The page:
Unfinished Business is NME’s weekly column about the weird and wonderful world of Early Access games. This week, Rick Lane helps the Grim Reaper deal with burnout in Have A Nice Death.
Have A Nice Death is framed around the premise that making your life (or unlife) more efficient is not the same as making it easier. Take email, for example. Sending an email is much more efficient than sending a letter. It arrives instantly and can be responded to instantly, which in theory lets you get to other tasks quicker. The problem with this idea is that email lets lots of people send lots of messages, all of whom expect an instant or near-instant response. Consequently, everyone ends up overwhelmed by their inboxes, preventing them from attending to the jobs or activities those emails are often about.
Have A Nice Death covers the same ground, but it replaces emails with the souls of the dead. You play as an overworked grim reaper who, tired of doing everything himself, delegates the task of reaping souls to a bunch of minions. But all that happens is old Grimmus gets drowned in paperwork, while his new middle-management seize control of Death, Inc from under his nose cavity. Hence, Death has no choice but to step out of his office and make some very literal cutbacks.
Such is the setup for what is undoubtedly the most arresting concept for a roguelike since Hades. As Death, you need to work your way through the many floors of Death Inc, battling ghostly enemies and hulking bosses in challenging combat to reassert control of the company.
By far the game’s strongest feature is its presentation. Have A Nice’s Death‘s art and animation is up there with your Ori‘s and your Hollow Knight‘s in terms of style and detail. It’s funny too. I chuckled at least three times during the opening cutscene, while the game itself is filled with pleasing visual gags, such as the flying books that attack you with conjured paper aeroplanes.
The excellent animation work lends itself naturally to the game’s combat. Death’s default weapon is his scythe (obviously) which he can use to attack enemies in a sequence of lightning-fast swipes, or a sweeping uppercut move that’s particularly useful for dealing with those books I just mentioned. Killing enemies also builds up a power meter that lets you unleash a devastating special attack specific to each weapon. In the scythe’s case, this sees Death teleport around the screen slicing every enemy on it into ribbons.
Your goal in each randomly generated level is to reach an elevator on the far side. Here, you’ll get a choice of floors to move to, each of which is themed around a different upgrade. “Soulerys”, for example, will provide a greater chance of reaping more souls used to by upgrades. Other floors will let you fight minibosses or find new active abilities, which range from weapons like a hammer that stuns enemies, to a devastating power that calls down a hail of asteroids. Each new floor will also bring you one step closer toward that particular area’s boss, highly challenging encounters that’ll test your newfound powers to the limit.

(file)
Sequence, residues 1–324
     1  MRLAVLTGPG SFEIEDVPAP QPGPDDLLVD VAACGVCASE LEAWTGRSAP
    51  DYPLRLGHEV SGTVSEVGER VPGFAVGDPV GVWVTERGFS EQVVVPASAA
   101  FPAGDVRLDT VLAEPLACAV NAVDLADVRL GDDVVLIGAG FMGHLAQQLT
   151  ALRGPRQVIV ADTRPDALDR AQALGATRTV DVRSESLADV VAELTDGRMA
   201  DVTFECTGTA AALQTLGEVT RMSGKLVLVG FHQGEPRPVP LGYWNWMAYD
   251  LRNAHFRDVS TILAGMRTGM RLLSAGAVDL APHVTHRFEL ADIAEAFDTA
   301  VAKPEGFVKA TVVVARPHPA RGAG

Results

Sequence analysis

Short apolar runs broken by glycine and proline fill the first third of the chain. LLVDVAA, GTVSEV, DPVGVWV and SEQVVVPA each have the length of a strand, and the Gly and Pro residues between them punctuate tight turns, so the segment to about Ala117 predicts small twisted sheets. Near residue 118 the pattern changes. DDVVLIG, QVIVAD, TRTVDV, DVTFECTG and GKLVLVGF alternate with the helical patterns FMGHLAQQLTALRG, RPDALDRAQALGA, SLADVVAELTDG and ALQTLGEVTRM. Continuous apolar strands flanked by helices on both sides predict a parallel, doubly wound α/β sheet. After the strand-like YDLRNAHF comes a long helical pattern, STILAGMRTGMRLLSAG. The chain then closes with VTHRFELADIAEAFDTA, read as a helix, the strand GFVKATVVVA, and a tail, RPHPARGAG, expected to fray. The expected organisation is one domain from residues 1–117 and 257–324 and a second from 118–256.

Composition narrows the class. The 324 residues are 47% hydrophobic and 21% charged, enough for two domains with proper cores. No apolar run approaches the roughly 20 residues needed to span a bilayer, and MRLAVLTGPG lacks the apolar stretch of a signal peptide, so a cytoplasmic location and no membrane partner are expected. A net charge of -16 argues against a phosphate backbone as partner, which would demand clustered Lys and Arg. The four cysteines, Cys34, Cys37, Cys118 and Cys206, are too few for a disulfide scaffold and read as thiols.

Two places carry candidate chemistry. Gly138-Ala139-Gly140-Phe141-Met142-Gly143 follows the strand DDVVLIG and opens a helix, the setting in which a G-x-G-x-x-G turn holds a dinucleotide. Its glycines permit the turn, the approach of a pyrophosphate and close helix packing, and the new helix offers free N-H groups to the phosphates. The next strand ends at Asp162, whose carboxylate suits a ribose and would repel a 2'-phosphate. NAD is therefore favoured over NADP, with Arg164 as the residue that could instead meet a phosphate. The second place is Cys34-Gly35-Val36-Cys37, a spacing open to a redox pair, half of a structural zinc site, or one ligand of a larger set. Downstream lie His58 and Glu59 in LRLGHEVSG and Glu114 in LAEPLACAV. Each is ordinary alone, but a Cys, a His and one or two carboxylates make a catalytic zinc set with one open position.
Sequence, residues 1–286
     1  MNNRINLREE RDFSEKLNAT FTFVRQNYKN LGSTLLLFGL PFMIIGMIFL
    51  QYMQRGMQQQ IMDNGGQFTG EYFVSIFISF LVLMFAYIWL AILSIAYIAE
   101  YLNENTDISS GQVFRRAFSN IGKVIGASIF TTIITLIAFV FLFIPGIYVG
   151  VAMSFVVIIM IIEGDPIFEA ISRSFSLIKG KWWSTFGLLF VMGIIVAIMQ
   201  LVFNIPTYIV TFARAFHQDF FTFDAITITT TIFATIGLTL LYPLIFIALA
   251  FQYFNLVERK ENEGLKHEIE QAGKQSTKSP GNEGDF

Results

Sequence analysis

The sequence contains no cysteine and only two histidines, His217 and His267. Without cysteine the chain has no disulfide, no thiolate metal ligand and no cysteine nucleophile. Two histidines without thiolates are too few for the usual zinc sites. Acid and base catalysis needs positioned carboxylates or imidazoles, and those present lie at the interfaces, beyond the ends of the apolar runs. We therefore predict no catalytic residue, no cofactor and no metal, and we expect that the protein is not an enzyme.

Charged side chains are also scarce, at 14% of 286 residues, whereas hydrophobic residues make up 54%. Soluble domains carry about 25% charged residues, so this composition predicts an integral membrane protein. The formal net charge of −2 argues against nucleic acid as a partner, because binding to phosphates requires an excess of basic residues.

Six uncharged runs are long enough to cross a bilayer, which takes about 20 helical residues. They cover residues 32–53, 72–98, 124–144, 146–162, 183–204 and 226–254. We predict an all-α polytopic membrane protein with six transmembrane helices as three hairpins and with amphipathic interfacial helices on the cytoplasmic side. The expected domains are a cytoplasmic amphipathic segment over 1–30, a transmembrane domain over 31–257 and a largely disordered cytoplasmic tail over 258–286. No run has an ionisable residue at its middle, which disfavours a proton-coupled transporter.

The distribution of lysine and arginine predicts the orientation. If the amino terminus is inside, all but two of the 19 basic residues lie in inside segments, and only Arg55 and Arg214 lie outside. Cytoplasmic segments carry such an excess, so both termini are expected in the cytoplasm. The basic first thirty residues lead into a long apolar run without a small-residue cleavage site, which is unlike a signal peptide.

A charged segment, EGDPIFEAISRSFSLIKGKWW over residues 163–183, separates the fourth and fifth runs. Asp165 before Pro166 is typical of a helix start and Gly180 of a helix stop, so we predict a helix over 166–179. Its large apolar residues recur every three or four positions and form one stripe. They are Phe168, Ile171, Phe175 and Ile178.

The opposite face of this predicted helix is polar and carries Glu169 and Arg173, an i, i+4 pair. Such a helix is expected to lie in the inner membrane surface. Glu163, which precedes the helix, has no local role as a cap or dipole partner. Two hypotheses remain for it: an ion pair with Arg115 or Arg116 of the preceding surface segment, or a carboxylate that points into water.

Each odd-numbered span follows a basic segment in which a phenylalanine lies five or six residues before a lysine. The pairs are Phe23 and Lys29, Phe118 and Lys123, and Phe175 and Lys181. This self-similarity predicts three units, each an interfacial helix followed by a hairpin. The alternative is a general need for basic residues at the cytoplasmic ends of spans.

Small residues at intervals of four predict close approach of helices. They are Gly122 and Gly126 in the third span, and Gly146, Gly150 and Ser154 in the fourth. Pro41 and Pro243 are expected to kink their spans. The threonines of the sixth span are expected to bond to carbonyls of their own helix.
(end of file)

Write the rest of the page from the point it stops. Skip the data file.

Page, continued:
Indeed, I would say that progressing through Have A Nice Death is no mean feat, but meanness is arguably one of the game’s main flaws in its current Early Access state. The game is far too stingy with its health drops given how brittle Death is, which not only makes the game extremely hard, but also means that health drops are more exciting than any of the cool powers that the game throws your way, simply because they give you a better shot at survival.
The bigger problem, though, is that Have A Nice Death lacks the character-building element that made Hades so compelling. When you ‘die’ in Have A Nice Death, not only are you catapulted back to the start of the game, you lose pretty much everything that you picked up during that run. The only item you get to keep is “ingots”, golden currency that lets you unlock new weapons. But unless I missed a menu option, you don’t seem to be able to start a run with those new weapons.
Not only does this mean you’re heavily dependent on getting lucky with the level generation, it also makes it hard to develop a play-style that works for you. In one run, for example, I picked up a wicked bow and arrow ability that would have been great to slot in as my default attack. But as soon as I died, I lost it, and didn’t see it again for another hour. Where death in Hades was a natural part of the progression arc, giving you a chance to acquire and experiment with new abilities, here it exists solely to extend the length of the game.
Have A Nice Death finds itself in an unusual position for an Early Access title. Most workable Early Access projects have a solid core that then needs polishing and building upon. Have A Nice Death, by comparison, is already superbly polished – it’s the core itself that needs adjusting, to make individual runs more balanced and rewarding, and to feel less like you’re just doing the same thing over and over. After all, that’s what got Death into this whole mess in the first place.